Special occasions ask for special bread, and for me this walnut and olive buckwheat bread is a real treat. Christmas morning I’m going to have it as toast, most likely with tahini, of which I never get bored, and savour it as a delicious moment, hopefully whilst watching the Snowman and wearing new woolly socks (I ♥ hand-knitted woolly socks! Lots of
heavy-handed helpful hints, such as this one, have been dropped!).
It will be our first Christmas spent in our home, and our first as a married couple, which is really something special. It’s also my first Christmas without my Grandma, who died at the grand old age of 96 this year. The cooling rack is hers, I love using it so much, a) I needed one, and b) I think of all the wonderful things she baked over the years, every time I use it they flash before me, and it feels so right to be using it and carrying that on, and not wasting such a good piece of kitchen equipment too. I have lots of bits and pieces of her kit, of which she amassed an enormous amount; my family are great ones for passing such practical things on. Both my Granny and Grandma would appreciate that, both being good representatives of a sensible and frugal generation. I really do try to cultivate that sensibility in myself, which also my mother has in spades.
Both grandparents, not unusually, baked lots of wonderful cakes and biscuits (the impression you get as a guest, though I suspect it was always the case!), and with very different results. Everyone does things differently, I love that. They both used a lot of white flour, white sugar, and lots of butter, and had no dietary restrictions (although both had arthritis in their old age so would have benefited greatly from the anti-inflammatory diet I follow), and though they ate eggs, made us lots of egg-free bakes to enjoy, which must have been a challenge. I love remembering the smells of their cooking, the many atmospheres. Opening the tin. The warmth and wonderful mystery of the Aga with its hot plates and little doors, ever warm to lean against. Granny’s tea towels hanging on the rail, usually sheep print, as she did get given a lot of sheep themed presents! Soft ginger biscuits. Grandma’s little kitchen, so organised and full of the smell of a wonderful dinner and her warmth and pleasure at us being there. Her perfect fruit cake, the like of which I could never recreate (and don’t get me started on her macaroni cheese! The only ingredient in it I could eat these days is onion, but my God that dish was fantastic, and again, somehow impossible to recreate! It must have been special Grandma fairy-dust she sprinkled on it) ♥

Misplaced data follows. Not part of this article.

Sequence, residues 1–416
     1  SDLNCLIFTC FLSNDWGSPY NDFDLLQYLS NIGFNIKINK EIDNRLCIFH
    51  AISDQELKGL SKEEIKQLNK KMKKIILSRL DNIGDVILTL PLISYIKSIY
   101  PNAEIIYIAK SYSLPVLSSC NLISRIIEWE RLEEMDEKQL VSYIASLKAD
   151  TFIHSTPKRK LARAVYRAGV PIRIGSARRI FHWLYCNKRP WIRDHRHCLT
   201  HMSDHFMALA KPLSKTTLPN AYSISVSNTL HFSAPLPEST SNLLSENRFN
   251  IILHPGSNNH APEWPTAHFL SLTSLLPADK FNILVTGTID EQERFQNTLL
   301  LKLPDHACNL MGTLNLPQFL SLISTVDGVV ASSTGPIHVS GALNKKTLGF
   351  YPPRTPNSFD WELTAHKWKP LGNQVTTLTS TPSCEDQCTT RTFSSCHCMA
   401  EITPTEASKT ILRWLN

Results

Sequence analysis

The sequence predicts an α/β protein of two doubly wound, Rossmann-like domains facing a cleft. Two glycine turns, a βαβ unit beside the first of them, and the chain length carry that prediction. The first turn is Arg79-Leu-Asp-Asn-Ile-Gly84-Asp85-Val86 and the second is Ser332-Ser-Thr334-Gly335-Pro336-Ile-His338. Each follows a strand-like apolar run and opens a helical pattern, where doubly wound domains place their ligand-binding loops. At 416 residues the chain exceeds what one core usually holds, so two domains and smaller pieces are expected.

Neither Granny or Grandma baked bread as I remember, nor do I think bread played an especially big role in their lives. But for me, bread has always been so important. I love to bake bread, I love the smell filling the house. I really love toast. I keep my carbs down as part of my specialist diet, and so for me, now it’s something to look forward to. Buckwheat particularly makes a delicious gluten (and grain) free loaf, substantial, but also light, and more nutritious and much lower GI/ GL than grain flours. It’s super-easy to make (no problems recreating this!), no kneading involved, just whip it up, leave to rise, and bake. It makes a fantastic crusty deli sandwich, and such good toast (mmm… toast…). Adding the walnuts and olives and extra olive oil makes for a really special loaf. And this was made extra special by using the walnuts foraged, and given to us, by my father-in-law.